The Telegraph
Since 1st March, 1999
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Not a ‘saint’, Sonia turns attention to party

New Delhi, May 22: The government has been sworn in, now it’s time to put the house in order.

Congress chief Sonia Gandhi said she would concentrate on reorganising her party’s 24-member working committee as many of its members have joined the government.

“I will be reorganising the CWC as many members have become ministers,” she told reporters after the swearing-in.

All AICC office-bearers and working committee members had submitted their resignation letters to Sonia to make her change her mind after she refused to be Prime Minister. As the letters are with her, it makes her job of revamping the party easier.

“I will have to look at the whole thing (party) again,” Sonia, who mixed freely with guests during the get-together after the ceremony at Rashtrapati Bhavan, said. About her son Rahul, she said: “Younger people like him are probably needed by the party.”

Sources said younger leaders, who could not find a place in the ministry, could be drafted for party work, probably to help Rahul build a team of his own. Seasoned leaders like former chief ministers Digvijay Singh and Ashok Gehlot could come in as AICC general secretaries, the sources added.

The Congress president countered with a query, asking a reporter what he thought when he asked her whether the BJP had accepted defeat gracefully. “I agree with you,” she said when he replied that the BJP may not have taken the defeat well.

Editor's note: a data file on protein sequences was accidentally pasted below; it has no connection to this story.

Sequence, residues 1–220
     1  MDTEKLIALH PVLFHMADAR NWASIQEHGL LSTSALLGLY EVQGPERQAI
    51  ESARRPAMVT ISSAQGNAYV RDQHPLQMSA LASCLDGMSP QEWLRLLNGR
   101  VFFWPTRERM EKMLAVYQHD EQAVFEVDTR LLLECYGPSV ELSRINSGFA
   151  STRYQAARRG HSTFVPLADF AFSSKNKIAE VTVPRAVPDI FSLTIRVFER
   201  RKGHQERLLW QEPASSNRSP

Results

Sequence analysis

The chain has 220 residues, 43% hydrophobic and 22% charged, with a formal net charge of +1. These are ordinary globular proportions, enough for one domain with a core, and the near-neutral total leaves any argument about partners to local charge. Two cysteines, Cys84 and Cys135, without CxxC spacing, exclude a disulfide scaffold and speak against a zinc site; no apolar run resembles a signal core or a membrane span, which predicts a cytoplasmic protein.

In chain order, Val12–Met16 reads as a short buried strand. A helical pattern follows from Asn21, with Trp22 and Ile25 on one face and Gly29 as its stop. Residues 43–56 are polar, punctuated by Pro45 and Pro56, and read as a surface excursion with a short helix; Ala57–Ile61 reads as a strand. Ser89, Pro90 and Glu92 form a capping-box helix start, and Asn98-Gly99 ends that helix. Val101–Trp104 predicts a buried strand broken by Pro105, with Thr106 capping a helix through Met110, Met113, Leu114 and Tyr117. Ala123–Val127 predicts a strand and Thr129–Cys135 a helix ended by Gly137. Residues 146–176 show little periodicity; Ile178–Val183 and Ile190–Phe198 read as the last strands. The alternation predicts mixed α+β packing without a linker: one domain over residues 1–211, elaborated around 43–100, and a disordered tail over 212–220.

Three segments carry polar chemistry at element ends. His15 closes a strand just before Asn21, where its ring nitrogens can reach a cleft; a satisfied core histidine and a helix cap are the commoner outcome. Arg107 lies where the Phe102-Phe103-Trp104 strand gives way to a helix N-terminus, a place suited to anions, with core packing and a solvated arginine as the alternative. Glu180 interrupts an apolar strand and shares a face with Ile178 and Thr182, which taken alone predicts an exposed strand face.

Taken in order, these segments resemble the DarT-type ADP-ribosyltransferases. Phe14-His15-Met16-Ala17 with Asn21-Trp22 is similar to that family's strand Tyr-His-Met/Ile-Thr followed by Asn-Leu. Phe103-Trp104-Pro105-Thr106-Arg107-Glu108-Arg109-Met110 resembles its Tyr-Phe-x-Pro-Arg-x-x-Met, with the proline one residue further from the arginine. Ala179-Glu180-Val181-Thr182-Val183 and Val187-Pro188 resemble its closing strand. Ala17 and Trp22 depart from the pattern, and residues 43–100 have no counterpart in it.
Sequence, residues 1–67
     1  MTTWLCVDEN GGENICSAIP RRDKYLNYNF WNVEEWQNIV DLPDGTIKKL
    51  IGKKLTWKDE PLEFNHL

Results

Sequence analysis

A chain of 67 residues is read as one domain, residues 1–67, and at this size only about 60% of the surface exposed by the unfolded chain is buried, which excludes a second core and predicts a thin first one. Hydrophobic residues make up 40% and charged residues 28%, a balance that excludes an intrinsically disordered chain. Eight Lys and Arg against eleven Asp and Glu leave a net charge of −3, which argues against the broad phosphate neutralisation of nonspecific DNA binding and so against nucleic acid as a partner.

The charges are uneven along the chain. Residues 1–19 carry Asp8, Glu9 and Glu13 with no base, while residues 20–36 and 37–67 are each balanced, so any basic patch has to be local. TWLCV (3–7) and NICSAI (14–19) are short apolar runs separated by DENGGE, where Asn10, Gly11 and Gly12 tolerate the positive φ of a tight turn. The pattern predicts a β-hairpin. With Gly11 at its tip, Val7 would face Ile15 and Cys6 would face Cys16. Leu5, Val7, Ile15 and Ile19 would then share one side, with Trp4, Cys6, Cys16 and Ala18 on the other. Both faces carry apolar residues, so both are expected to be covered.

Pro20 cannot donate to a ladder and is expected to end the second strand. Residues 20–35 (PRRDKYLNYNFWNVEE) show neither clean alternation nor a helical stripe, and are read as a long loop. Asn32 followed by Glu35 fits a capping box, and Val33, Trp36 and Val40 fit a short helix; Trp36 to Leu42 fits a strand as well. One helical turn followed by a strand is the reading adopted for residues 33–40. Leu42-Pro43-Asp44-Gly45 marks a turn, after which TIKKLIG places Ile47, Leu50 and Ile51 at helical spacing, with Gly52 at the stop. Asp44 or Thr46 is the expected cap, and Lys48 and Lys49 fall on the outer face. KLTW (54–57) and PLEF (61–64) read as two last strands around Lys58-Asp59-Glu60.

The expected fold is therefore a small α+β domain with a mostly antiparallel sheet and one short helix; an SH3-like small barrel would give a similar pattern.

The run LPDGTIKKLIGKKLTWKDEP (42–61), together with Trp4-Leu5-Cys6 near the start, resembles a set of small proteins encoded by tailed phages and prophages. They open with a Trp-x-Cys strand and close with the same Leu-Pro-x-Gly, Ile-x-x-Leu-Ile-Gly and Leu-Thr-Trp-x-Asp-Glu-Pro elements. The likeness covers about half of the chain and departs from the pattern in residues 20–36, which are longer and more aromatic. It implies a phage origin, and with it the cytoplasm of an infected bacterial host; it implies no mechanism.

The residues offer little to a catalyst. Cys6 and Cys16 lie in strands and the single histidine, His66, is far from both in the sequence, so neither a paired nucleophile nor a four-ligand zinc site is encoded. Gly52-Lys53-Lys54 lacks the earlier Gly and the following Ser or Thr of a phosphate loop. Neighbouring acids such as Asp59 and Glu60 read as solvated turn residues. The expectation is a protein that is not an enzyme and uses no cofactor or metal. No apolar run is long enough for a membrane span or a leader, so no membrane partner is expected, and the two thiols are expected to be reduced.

Asked if she had sacrificed prime ministership, Sonia said: “I am not a saint. I am a human being like you people.”

If Sonia appeared elated after the days of hectic talks with the allies, the new Prime Minister was humble in his moment of glory. Dressed in his trademark kurta-churidar and light blue turban, Manmohan Singh walked up to Sonia and thanked her after he was sworn in.

He was also the first to greet the man whom he succeeds, Atal Bihari Vajpayee, on his arrival and also after the ceremony was over.

Vajpayee appeared contemplative in his farewell hour.

Among those who witnessed the swearing-in at the Ashoka hall were not only all the surviving former Prime Ministers along with their wives, but also former President K.R. Narayanan with wife Usha and Vimla Sharma, wife of the late President S.D. Sharma.

The contrast with the past was clear, not only in the venue, which was the forecourt of Rashtrapati Bhavan last time. Unlike Vajpayee, the Oxford-Cambridge educated Singh spoke in English, a language his southern allies are also comfortable with.

Replacing Nitish Kumar and Sharad Yadav from Bihar were their rivals Laloo Prasad Yadav and Ram Vilas Paswan. For the DMK, however, it was a replay with son Dayanidhi Maran bringing back memories of his late father Murasoli Maran, who was a minister in the earlier government.

Apparently, it was not a very comfortable moment for the old guard when former Sangh kinsman Shankersinh Vaghela took oath.

That Sonia kept in mind the favourites of her late husband, Rajiv Gandhi, was evident from the inclusion of his “blue-eyed” boys like P. Chidambaram and Mani Shankar Aiyar.

As Laloo Prasad took oath, L.K. Advani, who was deputy Prime Minister in the Vajpayee government, could be seen clasping both his hands in his characteristic style.

While most went for traditional attire, including kurta-pyjama, kurta-churidar, pathan suits, dhoti-shirts and bandhgalas, PMK chief Ramadoss’ son Anbumani chose a two-piece suit with a tie, reflecting the diversity of the ruling alliance and their preferences.

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